It is only half because the other half have not yet published their plans or reviewed out of date plans with RSS housing targets. Many Green Belt authorities have deliberately delayed publishing plans with proposals for a couple of years to avoid controversial Green Belt loss before the 2014 elections. Take for examples ‘Pickles land’ Epping Forest, Brentwood and Basildon.
The Telegraph rather undermines the story by publishing a photo of Chipping Norton to accompany it. Which has no Green Belt.
I find it astonishing that Boles continues to try to score party political points on this matter. TRhat wont wash in that.
1) The 26 areas ‘threatended’ by RSS listed in the Conservative party press release when Pickles first proposed to abolish regional plans have all now proposed loss of Green Belt in their plans, having forced to by inspectors using the NPPF, or will shortly be forced to when they publish up to date plans.
2) The NPPF requires plans to meet unmet needs of their neighbors. Many authorities have already been forced to do so, the ‘right to grow’ is simply the consequences of this made explicit. Indeed Boles has been briefing MPs privately on the Hastings Decision which ‘dumps’ half of its housing need opn its rural neighbour. What rank hypocracy.
The LGIU survey is not yet online.
More than half of English councils with greenbelt land are preparing to allocate some of it for development ahead of brownfield sites, new research suggests.
A survey commissioned by the National Trust found that of 30 of the 59 councils that responded who had greenbelt land in their local authority area – 51% – were likely or very likely to allocate it for development in the next five years.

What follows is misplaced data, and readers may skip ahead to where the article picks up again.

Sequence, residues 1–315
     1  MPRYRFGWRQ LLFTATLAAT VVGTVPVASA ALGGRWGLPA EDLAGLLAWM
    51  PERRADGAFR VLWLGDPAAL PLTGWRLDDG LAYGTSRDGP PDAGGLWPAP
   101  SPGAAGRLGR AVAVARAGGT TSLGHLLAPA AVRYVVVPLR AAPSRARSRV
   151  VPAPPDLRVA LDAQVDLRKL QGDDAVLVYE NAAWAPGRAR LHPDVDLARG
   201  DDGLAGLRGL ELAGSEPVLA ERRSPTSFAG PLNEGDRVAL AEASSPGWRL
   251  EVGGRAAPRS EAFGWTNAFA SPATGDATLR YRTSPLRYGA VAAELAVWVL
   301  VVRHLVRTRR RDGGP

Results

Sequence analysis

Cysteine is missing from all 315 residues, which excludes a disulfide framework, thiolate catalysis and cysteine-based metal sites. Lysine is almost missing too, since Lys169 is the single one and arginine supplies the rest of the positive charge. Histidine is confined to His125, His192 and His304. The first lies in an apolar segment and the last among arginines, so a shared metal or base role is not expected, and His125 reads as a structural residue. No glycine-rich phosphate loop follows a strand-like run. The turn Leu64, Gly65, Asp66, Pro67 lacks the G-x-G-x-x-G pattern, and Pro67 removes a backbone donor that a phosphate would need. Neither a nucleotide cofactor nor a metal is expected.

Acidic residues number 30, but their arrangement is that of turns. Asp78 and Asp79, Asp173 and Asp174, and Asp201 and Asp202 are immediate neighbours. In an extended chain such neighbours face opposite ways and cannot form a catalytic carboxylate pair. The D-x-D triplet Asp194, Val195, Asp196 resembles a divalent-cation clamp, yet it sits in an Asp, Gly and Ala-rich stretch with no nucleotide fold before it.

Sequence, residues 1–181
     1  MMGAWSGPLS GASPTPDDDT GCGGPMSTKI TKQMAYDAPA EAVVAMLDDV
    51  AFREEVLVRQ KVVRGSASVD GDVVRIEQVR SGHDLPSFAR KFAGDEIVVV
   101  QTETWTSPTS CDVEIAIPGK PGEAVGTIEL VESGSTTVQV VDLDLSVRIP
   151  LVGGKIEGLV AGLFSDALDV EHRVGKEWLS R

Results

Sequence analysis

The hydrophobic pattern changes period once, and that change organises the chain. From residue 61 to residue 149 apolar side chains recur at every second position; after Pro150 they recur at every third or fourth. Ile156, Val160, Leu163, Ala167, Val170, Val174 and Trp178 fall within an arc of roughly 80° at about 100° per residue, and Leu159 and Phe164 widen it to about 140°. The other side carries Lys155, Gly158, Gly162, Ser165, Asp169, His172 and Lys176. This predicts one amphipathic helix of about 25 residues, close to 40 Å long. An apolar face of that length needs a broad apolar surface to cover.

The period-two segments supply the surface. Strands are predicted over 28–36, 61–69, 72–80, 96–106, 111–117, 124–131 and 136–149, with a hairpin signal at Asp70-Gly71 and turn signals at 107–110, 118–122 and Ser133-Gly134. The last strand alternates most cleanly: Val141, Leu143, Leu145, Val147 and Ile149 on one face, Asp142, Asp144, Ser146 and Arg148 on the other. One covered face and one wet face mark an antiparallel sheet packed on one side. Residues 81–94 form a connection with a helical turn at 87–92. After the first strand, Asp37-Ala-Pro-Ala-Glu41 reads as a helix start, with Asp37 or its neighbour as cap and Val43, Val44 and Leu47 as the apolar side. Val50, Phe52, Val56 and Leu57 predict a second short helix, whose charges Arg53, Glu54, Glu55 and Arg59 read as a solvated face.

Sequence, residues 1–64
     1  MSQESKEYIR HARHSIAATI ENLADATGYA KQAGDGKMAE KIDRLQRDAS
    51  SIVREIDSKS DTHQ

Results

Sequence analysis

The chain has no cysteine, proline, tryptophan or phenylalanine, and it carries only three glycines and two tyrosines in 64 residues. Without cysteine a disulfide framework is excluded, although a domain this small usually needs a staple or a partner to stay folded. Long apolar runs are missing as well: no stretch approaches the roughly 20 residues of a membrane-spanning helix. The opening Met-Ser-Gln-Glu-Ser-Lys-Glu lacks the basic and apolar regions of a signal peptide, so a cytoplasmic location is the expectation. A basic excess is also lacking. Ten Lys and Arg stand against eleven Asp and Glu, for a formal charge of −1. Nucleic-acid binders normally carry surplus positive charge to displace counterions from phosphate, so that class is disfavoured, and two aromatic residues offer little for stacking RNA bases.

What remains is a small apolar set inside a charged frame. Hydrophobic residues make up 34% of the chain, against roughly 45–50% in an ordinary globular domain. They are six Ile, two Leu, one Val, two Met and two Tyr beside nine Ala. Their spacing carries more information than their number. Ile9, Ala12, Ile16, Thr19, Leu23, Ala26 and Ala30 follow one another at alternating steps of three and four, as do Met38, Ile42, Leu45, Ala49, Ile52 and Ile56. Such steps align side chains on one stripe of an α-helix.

More than half of the 147 respondents to the survey by the Local Government Information Unit (LGIU) said they had brownfield sites available that could help meet a five-year housing land supply target – but these had not been considered viable.
The findings of the survey, conducted over the summer among senior officers and local politicians responsible for public parks, green spaces and planning, come 18 months after the government unveiled its controversial national planning policy framework. In the biggest shake-up of planning law for more than half a century, it cut planning rules from 1,000 to 50 pages in an attempt to speed up and simplify often complex laws and encourage sustainable economic growth.
Under the framework, local authorities are required to work out future housing needs in their area, and allocate sufficient land to meet it, with a “presumption in favour of sustainable development”.
The National Trust and the Campaign to Protect Rural England (CPRE) have repeatedly criticised the new regulations, warning they are a developers’ charter that would lead to housebuilders and others concreting over the countryside.
The trust says that government promises to protect the greenbelt while promoting an explicit brownfield-first policy “seem to be coming undone in practice”, and that its findings confirm evidence published by the CPRE in August that the area of greenbelt under threat had nearly doubled in a year.
The chairman of the National Trust, Simon Jenkins, said: “The greenbelt has been the star feature of British town and country planning for half a century. In one of Europe’s most congested countries, it has prevented urban sprawl, protected a vision of rural England and retained access to green spaces for urban dwellers that has been admired worldwide.
“Some councils may want to review their greenbelt boundaries as has always been possible, but the planning system as a whole should attach a greater weight to protecting green spaces.
“The government’s definition of sustainable is in practice being interpreted as profitable, and has effectively killed the former planning presumption in favour of brownfield land. What is now happening is a policy of let rip, leading to steady erosion. For the first time in British planning history, planning control is now the slave not the master of profit.”